I'll be leaving Buenos Aires in a few days. Although in some ways sad, it feels like it's time to move on.
I've had a very good time here this past year. It's been great to have such an immersion in a country, as the only other place where I've had such an opportunity is France.
My job was great, as, although the salary and hours weren't wonderful, working as an English teacher got me out in the community, and had me in constant contact with the local people. I've also been lucky in that, with very few exceptions, all of my students were friendly, interesting, and motivated. It's been a great experience.
I've also enjoyed the dance classes that I've taken, especially tango. It was a pity that I was never able to find a permanent partner, as there aren't many girls, or people in general for that matter, interested in dancing more than a few times a month.
Dancing 'rock' has also been fun. The closest comparison to this that I can think of would be that of an American high school dance from the 1950's. It's funny that it's so popular with the local twenty-somethings. In contrast, the crowds in tango classes are usually aged 40 plus. It's been a great way to meet locals my own age.
Yet despite feeling in many ways comfortable here, I have the feeling that if I were to stay next year, not much would change, and I'd be in the same situation that I am now. Even for local people, opportunities here are hard to come by. It's accepted (and expected) that you need contacts to get ahead, and I don't have any strong connections. Plus, I'd like to take advantage of the freedom that teaching English gives me, and see more of the country and continent. Also, the size of Buenos Aires is a bit much, particularly in the downtown core, which swells to more than 5 million people during the day. My girlfriend, Maria, and I having broken up means that I don't feel much tying me to the city.
At this point, my plans don't really extend past the summer. I'm going to spend the summer (January and February here in the Southern Hemisphere) exploring the south of the country, which is one of the most sparsely populated regions of the continent. Afterwards, I'll pass through the vineyards in the west. Unless I decide to stay there for the coming school year, I'll keep heading north afterwards, to Peru, Ecuador, and into central America.
Something that will come up quite often in the coming posts are hospitality networks such as Couchsurfing and Hospitality Club. For those not familiar with them, they're organisations based through the internet. The members offer to show you around the city they live in, and may even invite you to stay with them while you're in town. To many this sounds crazy, but I've found it be an invaluable tool when travelling. It's amazing how much deeper experiences can be. For instance, travelling around the Balkans in Eastern Europe was a fascinating experience, but only because I had local people to show me around, explaining the various parts of the culture and history of the area. Staying in hotels and going to the few museums of the region would have been a bit boring. Meeting and staying with families that had been on both sides of a war just a few years earlier was one of the greatest learning experiences of my life.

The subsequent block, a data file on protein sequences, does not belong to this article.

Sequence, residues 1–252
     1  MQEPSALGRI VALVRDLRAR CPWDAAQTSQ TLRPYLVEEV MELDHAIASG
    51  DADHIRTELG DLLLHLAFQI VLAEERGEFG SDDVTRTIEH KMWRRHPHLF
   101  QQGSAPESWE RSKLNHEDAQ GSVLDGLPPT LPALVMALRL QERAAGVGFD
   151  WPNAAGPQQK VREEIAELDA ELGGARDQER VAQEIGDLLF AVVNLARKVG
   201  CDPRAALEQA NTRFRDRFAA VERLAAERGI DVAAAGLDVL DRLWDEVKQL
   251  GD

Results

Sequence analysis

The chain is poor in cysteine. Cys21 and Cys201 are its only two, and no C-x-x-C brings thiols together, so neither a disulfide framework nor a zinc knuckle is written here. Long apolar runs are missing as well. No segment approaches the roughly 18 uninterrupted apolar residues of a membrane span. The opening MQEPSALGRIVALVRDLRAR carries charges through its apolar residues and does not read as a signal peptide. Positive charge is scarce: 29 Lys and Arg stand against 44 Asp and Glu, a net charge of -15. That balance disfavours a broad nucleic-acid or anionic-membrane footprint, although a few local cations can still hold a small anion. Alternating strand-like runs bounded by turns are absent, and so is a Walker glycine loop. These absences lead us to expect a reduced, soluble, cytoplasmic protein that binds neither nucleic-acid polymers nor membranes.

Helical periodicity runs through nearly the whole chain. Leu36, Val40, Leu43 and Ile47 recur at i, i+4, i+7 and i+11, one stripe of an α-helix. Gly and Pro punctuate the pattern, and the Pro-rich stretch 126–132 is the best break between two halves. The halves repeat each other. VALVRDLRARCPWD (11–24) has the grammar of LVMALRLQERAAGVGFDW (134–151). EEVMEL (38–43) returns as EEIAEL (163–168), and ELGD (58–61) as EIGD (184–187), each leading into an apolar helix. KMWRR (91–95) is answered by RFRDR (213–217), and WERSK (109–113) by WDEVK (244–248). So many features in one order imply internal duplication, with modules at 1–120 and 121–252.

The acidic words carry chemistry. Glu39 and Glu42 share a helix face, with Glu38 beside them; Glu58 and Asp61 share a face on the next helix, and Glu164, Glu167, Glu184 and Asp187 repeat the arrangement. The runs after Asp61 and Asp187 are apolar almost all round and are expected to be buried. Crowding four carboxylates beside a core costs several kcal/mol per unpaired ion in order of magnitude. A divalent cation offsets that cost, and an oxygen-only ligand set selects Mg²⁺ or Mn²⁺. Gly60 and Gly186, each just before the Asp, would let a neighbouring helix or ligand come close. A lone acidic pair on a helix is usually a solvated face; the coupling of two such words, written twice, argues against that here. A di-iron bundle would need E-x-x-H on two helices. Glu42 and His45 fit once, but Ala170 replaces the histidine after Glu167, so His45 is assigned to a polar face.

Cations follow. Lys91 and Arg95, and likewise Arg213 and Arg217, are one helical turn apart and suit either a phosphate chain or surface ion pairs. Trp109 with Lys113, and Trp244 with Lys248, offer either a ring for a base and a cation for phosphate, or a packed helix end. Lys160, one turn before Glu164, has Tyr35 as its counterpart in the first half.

I used this site recently in Misiones and Paraguay, and I'll keep doing so in the coming months in the Patagonia (southern Argentina).
So for anyone wondering about what this was, this is the idea in a nutshell.
A few words about the blog in general... I'd like to keep posting regularly, but I doubt that I'll be able to. In the end, it's a bit boring to write this unless I have some interesting stories to tell, which is when I'm travelling. Otherwise, I just end up ranting about politics, either here or in Canada. Writing about daily routines is a bit tedious.
I think it would be realistic to post once or twice a month, but not necessarily at regular times. I won't always have access to the internet, as I'll be spending quite a bit of time in national parks and villages. So to follow what I'm up to, just check back every couple of weeks.
When I do update this, I'll probably announce it through my status on facebook. For anyone whom I'm not connected to via a friend link on that page, just search for Ian Barrett in the Argentina network. I'm pretty sure I'm the only one!
Also, I recently bought a digital camera, and will be posting a few pictures from my trip. I'll post a link here as soon as I get them up on the internet.
Someone anonymously posted a comment a few entries ago, telling me that I'm a bit of a snob when I write, and that I criticise Argentina too much. I hope this isn't how things have come across, as I've been quite happy here. When I first arrived, there was definitely a bit of culture shock, mostly due to the amount of poverty and the sheer size of the city. Still, I think that in general I've criticised the government of Canada more than anything else over the years, since it's frustrating to see things going so much worse than they were, or than they need to be. I could rant about Stephen Harper, the current Prime Minister, for quite some time.
Finally, I feel badly about not responding to many of the comments that were left in the last year. I do read them, and will try to be better with that in the future. If anyone does have any comments or criticisms, I'd very much appreciate hearing them, as of course I'm looking for ways to improve my writing style or in selecting what I choose to write about.